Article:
From the Summer Olympic Games to cultural extravaganzas and hot hotel openings, there are dozens of reasons to plan a holiday for 2020. The hard part? Picking the perfect destination.
To save you the trouble (and to help score you bragging rights with your mates) here are the cities and countries you need to add to your travel itinerary in the New Year.
Lord Howe Island, Australia
Fun fact: the speed limit on Lord Howe is 25km/hr, which means you can unbuckle your seatbelt when you jump in a car. Not that you’ll spend much time in these vehicles, because the best way to get around this slip of land—around 600km off the NSW coast—is by bicycle. On two wheels (and two feet) you can take in most of the island’s World Heritage-listed beauty, from rainforest-clad volcanic mountains to fern-laced gullies that nurture some of Australia’s most important migratory birds.
The other way to explore is by boat, zipping you over a blindingly blue lagoon to the world’s most southern coral reef—you can also head slightly offshore to Ball’s Pyramid, a dramatic hunk of basalt that is marked in record books for a couple of reasons: at 562-metres-high, it’s the planet’s tallest sea stack, and it also happens to be home to the rarest insect on Earth, the phasmid. Bountiful flora and fauna aside, the best part about this patch of paradise is that you’ll likely have it to yourself: the permanent population of 360 people enforce a quota of 400 visitors at any given time.
Heard of a small thing called the Summer Olympic Games? Tokyo is set to host this epic sporting event from 24 July to 9 August next year, followed closely by the Paralympic Games from 25 August to 6 September. But you don’t have to be a fan of track and field races, swimming or any of the five new events (skateboarding, surfing, climbing, baseball/softball and karate) to appreciate the improvements (did the Japanese capital really need any?) being made to this megalopolis.
If you’re planning a road-trip around (or from) Tokyo, you’ll be happy to hear that a recent upgrade means more than 14,000 street signs are now in English, making it a breeze to explore. Other changes include the relocation of the famed Tsukiji Fish Market—it has a new name, the Toyosu Market, but it remains the busiest wholesale market in the world. And then there’s the addition of attractions including a Snoopy Museum in the freshly minted Grandberry Park entertainment quarter; boutiques galore at architecturally arresting Parco department centre; and teamLab Borderless, home to digital artworks that blur the boundaries between you and the canvas. Stay at achingly-cool new hotels such as the Onsen Ryokan Yuen Shinjuku, MUJI Ginza and Tokyo Edition Toranomon.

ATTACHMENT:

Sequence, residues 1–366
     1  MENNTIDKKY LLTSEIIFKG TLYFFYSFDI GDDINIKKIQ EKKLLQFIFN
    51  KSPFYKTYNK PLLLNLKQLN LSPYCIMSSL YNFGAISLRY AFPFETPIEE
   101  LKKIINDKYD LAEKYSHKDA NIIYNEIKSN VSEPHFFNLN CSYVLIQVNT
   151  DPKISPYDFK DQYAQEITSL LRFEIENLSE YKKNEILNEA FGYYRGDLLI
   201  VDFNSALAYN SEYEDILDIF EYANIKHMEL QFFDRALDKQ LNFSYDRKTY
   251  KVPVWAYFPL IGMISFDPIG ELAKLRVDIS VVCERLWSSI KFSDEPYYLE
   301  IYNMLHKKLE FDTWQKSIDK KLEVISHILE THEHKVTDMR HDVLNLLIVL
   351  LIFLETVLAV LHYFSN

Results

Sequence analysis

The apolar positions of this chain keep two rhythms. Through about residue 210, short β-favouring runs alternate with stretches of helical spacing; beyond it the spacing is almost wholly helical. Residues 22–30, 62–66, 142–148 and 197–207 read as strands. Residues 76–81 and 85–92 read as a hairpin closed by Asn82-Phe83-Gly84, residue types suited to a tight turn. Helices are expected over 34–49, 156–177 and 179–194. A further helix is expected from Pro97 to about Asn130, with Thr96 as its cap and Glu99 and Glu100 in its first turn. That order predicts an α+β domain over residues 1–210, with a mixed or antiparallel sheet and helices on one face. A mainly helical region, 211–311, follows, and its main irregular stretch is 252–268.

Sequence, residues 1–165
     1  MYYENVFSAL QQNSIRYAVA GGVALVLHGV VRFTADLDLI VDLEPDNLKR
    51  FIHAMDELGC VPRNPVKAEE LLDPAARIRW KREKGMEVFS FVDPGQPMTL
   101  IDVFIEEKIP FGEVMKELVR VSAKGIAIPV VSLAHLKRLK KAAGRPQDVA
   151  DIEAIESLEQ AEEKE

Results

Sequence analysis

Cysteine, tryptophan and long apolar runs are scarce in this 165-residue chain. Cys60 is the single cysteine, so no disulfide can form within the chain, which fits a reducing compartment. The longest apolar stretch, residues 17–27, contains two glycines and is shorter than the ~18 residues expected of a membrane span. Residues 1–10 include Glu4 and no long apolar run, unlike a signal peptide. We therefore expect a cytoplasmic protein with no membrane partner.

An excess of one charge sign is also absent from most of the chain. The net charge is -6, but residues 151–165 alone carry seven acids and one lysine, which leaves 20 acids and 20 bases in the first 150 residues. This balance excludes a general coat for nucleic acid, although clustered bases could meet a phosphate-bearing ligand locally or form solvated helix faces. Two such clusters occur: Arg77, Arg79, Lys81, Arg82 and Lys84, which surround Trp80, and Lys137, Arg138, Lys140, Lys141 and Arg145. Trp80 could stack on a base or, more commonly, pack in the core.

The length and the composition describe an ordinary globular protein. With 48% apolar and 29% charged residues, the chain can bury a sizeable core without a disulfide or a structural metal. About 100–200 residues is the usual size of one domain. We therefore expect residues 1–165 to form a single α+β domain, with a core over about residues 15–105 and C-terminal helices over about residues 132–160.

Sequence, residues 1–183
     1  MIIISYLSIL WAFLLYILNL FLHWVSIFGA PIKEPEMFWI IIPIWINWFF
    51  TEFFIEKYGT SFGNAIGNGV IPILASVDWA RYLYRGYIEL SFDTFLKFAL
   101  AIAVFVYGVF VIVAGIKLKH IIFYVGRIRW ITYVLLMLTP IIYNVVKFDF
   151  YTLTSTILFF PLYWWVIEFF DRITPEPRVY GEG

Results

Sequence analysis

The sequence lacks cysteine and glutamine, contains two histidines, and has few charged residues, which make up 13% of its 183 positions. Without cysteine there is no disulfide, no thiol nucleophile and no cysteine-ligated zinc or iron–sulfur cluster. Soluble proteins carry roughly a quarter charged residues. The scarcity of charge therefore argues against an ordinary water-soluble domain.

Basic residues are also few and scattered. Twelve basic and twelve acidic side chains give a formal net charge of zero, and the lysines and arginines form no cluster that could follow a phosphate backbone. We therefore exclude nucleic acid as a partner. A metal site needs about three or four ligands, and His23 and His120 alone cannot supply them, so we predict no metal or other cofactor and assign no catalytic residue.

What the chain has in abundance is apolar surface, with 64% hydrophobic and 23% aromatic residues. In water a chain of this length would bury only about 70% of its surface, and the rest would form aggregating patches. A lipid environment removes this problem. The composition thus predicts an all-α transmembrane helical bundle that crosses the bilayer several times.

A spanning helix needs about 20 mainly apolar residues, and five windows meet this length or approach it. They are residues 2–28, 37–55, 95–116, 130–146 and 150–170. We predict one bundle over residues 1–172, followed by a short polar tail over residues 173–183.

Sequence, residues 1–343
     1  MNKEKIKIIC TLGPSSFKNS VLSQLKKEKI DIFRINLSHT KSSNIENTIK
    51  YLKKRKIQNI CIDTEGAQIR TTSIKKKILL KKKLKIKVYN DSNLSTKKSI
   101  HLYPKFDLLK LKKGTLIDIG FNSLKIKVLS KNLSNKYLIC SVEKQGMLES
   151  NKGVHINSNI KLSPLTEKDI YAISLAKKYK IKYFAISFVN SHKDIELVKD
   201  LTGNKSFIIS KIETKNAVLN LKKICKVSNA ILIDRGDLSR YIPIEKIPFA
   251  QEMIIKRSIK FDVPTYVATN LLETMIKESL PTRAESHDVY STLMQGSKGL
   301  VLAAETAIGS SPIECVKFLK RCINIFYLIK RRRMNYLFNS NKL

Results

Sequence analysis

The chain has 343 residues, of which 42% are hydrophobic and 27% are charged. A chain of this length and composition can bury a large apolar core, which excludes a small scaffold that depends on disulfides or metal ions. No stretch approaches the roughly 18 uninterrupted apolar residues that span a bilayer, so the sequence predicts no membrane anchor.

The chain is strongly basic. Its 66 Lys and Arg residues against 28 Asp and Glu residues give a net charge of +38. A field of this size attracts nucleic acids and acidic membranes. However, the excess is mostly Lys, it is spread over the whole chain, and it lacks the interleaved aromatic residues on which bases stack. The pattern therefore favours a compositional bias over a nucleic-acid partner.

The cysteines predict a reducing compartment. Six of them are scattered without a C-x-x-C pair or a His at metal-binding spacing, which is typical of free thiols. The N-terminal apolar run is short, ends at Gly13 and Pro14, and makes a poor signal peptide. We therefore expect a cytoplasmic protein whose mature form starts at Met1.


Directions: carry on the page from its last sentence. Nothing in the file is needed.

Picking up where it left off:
There’s more than one reason to visit this kingdom in the clouds in 2020, new hotels and ambitious environmental goals among them. The Himalayan country—which measures prosperity through formal principles of gross national happiness (GNH), rather than GDP—has its eyes set on becoming the greenest country on the planet. To do this, it has designated more than 50 per cent of its land area as protected national parkland, nature reserves and biological corridors, becoming the world’s first, and only, carbon-negative nation. This time next year, it also hopes to be fully organic.
When you touch down, you can sleep easy in a bevvy of brand new hotels. Top of the list is Six Senses, which has just opened four unique lodges throughout the kingdom’s western and central valleys, in Thimphu, Punakha, Paro and Gangtey—a fifth, Six Senses Bumthang, is scheduled to open next year, allowing visitors to hop between each, experiencing different corners of this beautiful Buddhist country as they go. Luxury travel company andBeyond also has its eyes set on the nation, with plans to open its own accommodation here in 2020. Watch this space.
Where the River Corrib meets the Atlantic Ocean on Ireland’s west coast, Galway is set to steal the spotlight in 2020 as the European Capital of Culture. Each year for over three decades, the European Union has chosen a city to highlight its creative talents by taking on this coveted crown. Next year, Galway has been called upon to produce an innovative 12-month program, revealing its richness and diversity of cultures. The opening event will be held from 1 to 8 February, with fiery celebrations erupting in towns and villages across Ireland to pay homage to ancient traditions of the Celtic calendar. It will all culminate on the evening of the 8th, when a huge cast drawn from across the community will invade the streets and squares of Galway to celebrate the quintessential values of Irishness: courage, creativity and resilience. From here, visitors can look forward to more than 1,900 events across 154 projects, 170 partnerships and collaborations with local, national, European and international artists and cultural organisations from more than 30 different countries. Phew!